“This is something I wanted to do all my life,” Gonzalez senior gushed afterward. “I would have paid $100.”
The autograph business started in the mid-1970s but hit its stride recently when the number of baseball card shows increased dramatically. The presence of a big-name player began as a way to make one show more attractive than another. At first, the players received a nominal fee and the promoters did not charge for their autographs.
“For a long time, 90% of the ballplayers would sign autographs if you saw them at the ball park or in person or mailed something to them,” show promoter Paynter said. “What woke them up to reality was when people began sending them five photographs of them to autograph. They realized the person would probably sell four of them.”
With the proliferation of shows, the competition to attract the most idolized athletes intensified. It is not unusual for a dozen or more players to appear at a single major weekend show--making the dealers peddling their old cards and other memorabilia play second fiddle to the autograph hunt.
The up-front cost to promoters is substantial. Harlan J. Werner, a Canoga Park promoter, paid nine athletes--including Mantle, Williams, Ali and Koufax--more than $150,000 to do his Anaheim show in December. With a $5 admission charge, a $400 charge for each of the 175 dealer booths and the autograph fees, he said he barely broke even. He had hoped to net $50,000.
Air Fare, Limousines
Such stakes make promoters akin to baseball general managers negotiating with a league of free agents. Most well-known players demand at least $2,000 for an appearance. In addition, the deal may include air fare, a limousine to and from the show and, for weekend events, accommodations for the athlete and his wife.
Mantle, who reportedly plans to sit out the rest of this year’s autograph circuit because he’s tired of the shows’ demands, once put the figures in perspective when, Werner recalled, he said: “I get as much money for signing one autograph as my dad got for working a whole day in the mines.”
Yet, several promoters said, Mantle and former teammate DiMaggio keep a wary eye on each other’s rates amid a quiet but intense rivalry to be America’s highest-paid sports signatory.
Mets infielder Greg Jeffries is an example of autograph inflation run amok. Jeffries--whose rookie card became a hot commodity last year, spurred by speculation that he was a star-to-be--joined the Mets late in the season. He then performed well.
“He wanted $10,000 and three first-class airline tickets--one for his agent and one for his girl friend--to do a show this winter in New York,” said veteran promoter Jon Gallen of New York. “The guy has fewer than 50 lifetime hits” in the majors.
Some critics maintain that ballplayers are paying a price for autograph-profiteering with a currency that cannot be measured in dollars and cents.
After a well-publicized brouhaha triggered last year when legendary center fielder Willie Mays tried to charge for his autograph during a book-signing tour, Washington Post sportswriter Shirley Povich opined:
“Whoever laid down those ground rules was a rapacious blackguard who was giving baseball a black eye, and giving kids’ hero-worship and Norman Rockwell and his America a kick in the groin.”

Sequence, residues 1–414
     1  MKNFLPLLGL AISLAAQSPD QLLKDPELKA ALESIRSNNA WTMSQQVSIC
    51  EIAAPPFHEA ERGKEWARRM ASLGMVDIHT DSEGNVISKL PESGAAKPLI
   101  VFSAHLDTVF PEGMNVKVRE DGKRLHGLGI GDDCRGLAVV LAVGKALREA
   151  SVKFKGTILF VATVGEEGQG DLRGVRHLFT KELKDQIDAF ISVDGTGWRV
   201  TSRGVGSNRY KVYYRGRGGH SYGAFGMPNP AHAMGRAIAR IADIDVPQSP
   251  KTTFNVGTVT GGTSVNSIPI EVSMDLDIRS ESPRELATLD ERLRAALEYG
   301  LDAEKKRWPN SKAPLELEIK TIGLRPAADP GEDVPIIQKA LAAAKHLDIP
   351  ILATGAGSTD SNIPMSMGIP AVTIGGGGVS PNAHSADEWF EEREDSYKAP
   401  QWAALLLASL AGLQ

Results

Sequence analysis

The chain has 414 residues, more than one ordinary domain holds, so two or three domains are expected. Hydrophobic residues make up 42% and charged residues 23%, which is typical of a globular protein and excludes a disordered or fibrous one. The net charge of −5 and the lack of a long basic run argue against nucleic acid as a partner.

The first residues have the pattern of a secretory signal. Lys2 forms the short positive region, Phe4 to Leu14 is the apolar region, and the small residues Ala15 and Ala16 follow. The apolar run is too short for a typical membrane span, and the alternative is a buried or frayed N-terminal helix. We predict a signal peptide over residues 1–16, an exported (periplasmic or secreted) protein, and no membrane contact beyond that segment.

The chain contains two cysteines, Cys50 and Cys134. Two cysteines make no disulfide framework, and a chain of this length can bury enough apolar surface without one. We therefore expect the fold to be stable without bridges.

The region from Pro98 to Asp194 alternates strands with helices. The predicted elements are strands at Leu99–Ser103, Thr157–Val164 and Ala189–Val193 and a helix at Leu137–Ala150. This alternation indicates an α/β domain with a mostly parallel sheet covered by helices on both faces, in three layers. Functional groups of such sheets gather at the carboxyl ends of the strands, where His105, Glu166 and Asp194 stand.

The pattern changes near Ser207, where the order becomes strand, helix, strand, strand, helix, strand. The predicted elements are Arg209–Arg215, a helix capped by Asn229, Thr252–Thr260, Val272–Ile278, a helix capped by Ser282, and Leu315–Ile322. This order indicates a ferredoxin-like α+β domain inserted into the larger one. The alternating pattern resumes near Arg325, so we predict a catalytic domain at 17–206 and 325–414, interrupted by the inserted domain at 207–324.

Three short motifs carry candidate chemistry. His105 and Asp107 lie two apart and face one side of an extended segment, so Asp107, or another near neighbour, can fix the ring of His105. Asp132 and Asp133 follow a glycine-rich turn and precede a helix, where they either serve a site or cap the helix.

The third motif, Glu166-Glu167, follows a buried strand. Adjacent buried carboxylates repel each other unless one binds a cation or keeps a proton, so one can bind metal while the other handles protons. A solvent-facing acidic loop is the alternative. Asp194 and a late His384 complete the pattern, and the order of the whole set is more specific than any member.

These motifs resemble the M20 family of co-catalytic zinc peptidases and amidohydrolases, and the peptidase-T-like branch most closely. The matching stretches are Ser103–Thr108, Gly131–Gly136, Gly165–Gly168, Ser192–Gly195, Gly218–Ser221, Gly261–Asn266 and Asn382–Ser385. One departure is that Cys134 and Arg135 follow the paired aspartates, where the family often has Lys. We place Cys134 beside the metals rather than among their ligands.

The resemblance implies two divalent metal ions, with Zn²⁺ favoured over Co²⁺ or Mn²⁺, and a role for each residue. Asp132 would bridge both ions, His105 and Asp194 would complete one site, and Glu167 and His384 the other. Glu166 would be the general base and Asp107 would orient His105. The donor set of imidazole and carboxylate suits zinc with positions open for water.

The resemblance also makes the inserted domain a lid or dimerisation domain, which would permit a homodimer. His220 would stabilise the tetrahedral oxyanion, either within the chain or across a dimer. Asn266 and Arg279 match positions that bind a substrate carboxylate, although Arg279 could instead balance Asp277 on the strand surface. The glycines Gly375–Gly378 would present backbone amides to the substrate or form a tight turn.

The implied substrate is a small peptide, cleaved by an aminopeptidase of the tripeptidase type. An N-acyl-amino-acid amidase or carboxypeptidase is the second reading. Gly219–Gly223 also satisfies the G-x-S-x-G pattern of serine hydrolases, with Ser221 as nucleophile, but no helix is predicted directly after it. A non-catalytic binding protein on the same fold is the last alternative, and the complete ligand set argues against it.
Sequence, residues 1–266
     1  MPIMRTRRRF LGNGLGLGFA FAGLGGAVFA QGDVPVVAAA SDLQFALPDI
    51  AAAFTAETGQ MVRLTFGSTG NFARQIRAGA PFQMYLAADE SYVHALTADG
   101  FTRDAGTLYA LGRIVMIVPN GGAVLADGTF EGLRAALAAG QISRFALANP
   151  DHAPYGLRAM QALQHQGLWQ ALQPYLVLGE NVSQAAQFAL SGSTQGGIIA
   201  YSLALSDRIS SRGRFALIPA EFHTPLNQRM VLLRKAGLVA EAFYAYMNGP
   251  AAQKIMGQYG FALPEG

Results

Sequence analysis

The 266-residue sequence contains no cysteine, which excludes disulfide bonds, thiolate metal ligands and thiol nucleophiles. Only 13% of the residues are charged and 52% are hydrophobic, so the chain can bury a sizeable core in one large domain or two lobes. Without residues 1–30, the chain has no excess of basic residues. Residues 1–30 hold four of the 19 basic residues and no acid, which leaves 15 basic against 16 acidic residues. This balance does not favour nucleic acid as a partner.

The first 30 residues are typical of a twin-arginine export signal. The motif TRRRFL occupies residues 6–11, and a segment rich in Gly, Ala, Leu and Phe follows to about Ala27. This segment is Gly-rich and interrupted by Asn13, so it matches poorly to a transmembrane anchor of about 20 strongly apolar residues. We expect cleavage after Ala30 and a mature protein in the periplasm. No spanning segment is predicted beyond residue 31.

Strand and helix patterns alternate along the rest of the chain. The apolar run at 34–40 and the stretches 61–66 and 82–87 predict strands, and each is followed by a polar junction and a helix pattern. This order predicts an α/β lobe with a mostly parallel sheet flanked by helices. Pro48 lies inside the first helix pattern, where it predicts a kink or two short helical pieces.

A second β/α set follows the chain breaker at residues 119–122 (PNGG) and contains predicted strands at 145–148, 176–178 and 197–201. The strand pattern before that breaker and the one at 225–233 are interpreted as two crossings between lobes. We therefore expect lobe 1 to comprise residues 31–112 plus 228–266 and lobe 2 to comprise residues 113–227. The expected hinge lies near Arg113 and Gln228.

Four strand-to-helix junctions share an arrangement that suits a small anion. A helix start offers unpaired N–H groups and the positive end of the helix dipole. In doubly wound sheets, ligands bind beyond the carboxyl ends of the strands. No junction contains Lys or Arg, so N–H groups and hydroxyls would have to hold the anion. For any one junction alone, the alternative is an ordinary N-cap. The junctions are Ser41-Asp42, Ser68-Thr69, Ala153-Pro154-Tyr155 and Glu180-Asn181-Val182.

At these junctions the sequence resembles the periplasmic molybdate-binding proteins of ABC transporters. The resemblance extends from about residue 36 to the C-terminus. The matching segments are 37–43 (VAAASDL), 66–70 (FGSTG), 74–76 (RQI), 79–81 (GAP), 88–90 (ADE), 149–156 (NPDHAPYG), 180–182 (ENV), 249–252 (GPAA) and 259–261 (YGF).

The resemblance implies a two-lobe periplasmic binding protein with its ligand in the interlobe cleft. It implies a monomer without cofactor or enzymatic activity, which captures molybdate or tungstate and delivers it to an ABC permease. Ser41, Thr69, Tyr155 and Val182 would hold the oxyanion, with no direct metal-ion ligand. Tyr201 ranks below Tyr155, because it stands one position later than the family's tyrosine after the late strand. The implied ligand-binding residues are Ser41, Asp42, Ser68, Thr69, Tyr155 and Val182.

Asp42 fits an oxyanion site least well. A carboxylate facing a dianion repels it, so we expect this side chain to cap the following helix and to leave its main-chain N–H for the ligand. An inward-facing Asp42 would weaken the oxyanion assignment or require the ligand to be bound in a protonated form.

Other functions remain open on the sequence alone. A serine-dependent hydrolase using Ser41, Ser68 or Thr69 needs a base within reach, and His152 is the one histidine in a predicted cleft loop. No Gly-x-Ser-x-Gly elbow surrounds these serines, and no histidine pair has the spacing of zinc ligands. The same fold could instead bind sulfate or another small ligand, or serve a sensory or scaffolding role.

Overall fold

So sensitive are athletes about the public criticism that Mantle, DiMaggio, Koufax, Rose and ex-Dodger pitcher Don Drysdale declined through intermediaries to be interviewed for this story. And at least one big-name player balks at doing any shows.
Don Mattingly, a current Yankees star, did several shows early in his career but not in recent years when the first baseman became one of baseball’s top players. His recalcitrance has prompted astronomical offers: bids have reached $125,000 for a two-day show in New York, according to Ray Schulte, Mattingly’s full-time marketing agent.
Yet, Mattingly just says no.
“The shows aren’t really that well-organized and Donnie doesn’t want to disregard some of the kids who wait on line a long time” but are turned away, Schulte said. He added that Mattingly signs thousands of autographs a year for free at the ballpark, charity events and other public places.
Some of those who do shows regularly are undisputed hits with the public. Former Orioles third baseman Brooks Robinson is one. Retired greats Koufax, Al Kaline of the Tigers, Harmon Killebrew of the Twins, Ernie Banks of the Cubs, Stan Musial of the Cardinals and Spahn of the Braves are also warm, cooperative and considerate with fans and collectors, promoters report.
Retired players no longer in the limelight generally appreciate the adulation more than current stars who often take it for granted. Moreover, say industry veterans, many of the ex-big leaguers have more time to chat or pose for pictures because they are less in demand. One of those is Spahn, whose signature goes for about $5.
Conversely, several promoters said that Hall of Famers Mays and ex-Cardinal pitcher Bob Gibson are among the surliest signers. Cincinnati Reds Manager Rose, meanwhile, lives up to his nickname of “Charlie Hustle,” industry veterans say. He is utterly businesslike.
During part of a season with the Montreal Expos at the end of his playing career, Lemke said, Rose wore a uniform jersey for a few days and then gave it to his equipment agent to sell for $395 to $500. Others have done this as well--with mixed results.
Players generally are issued uniforms by their respective teams but make their own arrangements with equipment manufacturers for bats and gloves.
Dealers say the popularity of authentic equipment has led to the sale of counterfeit items. It has also made celebrities in some circles of an unlikely group: those in charge of uniforms and bats and balls.
“I was talking to a couple of clubhouse guys who are now very popular on the road,” said Schulte, Mattingly’s marketing agent. “They have to go out the back door to the stadium because the collectors know who they are.”